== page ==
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to be losing sympathy with our neighbour?

(50 Posts)
Noisytoddler Wed 26-Jun-13 08:54:17

We live in a non-carpeted (it's central Paris and totally normal) family sized flat.

When we first moved in, it appeared that our downstairs neighbour was hard of hearing. 2 months after we moved in she was surprised to learn that there was a baby in the building (despite DS going through the 4 month sleep regression and crying all night).

We breathed a sigh of relief that we hadn't been disturbing her (she's in her 80s).

However, since DS has learnt to run she's been complaining about the noise he makes. She phoned a couple of times in one month. We were mortified and bought her a bunch of flowers to apologise. She said she understood that little ones are active but that it's really getting on her nerves and she can't concentrate for her work. We said we would be more careful in future, and we have been.

But ever since we apologised that first time she's been ringing practically daily to complain about the noise. She will "let" him run the length of our flat twice (he goes to fetch things from his bedroom) then will immediately complain.

Thing is, I'm starting to lose sympathy because :
1) DS makes no noise between 9pm and 8am (contrary to our upstairs neighbours, one of whom is insomniac and paces the floor in the early hours of the morning, but that's a different thread)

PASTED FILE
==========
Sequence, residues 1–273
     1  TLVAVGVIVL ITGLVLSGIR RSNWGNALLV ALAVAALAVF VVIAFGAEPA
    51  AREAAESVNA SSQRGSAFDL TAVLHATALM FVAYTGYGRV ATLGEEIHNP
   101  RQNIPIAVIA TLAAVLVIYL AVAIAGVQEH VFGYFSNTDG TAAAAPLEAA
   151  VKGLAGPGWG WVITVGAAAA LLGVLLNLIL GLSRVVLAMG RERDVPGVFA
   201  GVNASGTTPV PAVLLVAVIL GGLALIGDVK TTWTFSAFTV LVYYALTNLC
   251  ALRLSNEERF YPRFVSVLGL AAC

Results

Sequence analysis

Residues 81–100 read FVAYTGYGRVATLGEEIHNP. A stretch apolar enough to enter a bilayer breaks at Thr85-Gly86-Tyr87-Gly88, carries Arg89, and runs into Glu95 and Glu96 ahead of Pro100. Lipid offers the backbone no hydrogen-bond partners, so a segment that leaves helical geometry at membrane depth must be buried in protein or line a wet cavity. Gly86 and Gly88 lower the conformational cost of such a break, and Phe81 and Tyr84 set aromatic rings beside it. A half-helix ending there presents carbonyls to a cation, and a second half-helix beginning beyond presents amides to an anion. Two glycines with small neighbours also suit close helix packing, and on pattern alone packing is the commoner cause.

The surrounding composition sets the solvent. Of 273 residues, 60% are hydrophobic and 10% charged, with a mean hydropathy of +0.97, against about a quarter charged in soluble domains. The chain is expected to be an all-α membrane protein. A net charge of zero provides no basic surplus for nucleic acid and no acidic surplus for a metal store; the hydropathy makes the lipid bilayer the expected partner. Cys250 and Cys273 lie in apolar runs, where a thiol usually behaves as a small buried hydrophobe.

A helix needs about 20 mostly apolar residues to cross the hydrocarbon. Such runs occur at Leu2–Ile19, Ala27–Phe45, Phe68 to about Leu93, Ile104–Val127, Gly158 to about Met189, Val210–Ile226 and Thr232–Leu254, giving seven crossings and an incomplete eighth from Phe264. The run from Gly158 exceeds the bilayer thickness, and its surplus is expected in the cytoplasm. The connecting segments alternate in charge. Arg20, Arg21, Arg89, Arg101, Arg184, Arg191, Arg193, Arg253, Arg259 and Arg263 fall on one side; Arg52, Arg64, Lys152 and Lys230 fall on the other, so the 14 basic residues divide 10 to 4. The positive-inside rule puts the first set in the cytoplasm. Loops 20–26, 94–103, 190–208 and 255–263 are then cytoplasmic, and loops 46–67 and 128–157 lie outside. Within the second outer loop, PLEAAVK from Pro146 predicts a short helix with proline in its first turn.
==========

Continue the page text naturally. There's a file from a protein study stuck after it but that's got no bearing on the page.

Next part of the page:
2) DS is out at playgroup/the park practically everyday from 9.30am til 5.30pm. We even take him out in the pouring rain so he can run off his energy

3) She barely waits to complain - as soon as DS has run to his bedroom twice she'll ring to complain. Even if we've been out of the flat all day

4) We never have friends over/parties in the evening and don't play music

I do feel bad at disturbing her (and if you feel IABU please give me tips to stop a 21 month old running!) and we do tell him to slow down, to walk or to tiptoe but he doesn't remember. I honestly don't know what else we can do. We've even stopped inviting little friends over to play cos we can't stop them running.

Thing is, she has said she'll complain to the building management but she actually doesn't have a leg to stand on because it's not illegal to make "daily life" noises between 8am and 9pm. The police are pretty good here at breaking up loud parties in the early hours of the morning but I highly doubt they'd come out to tell a toddler to stop running...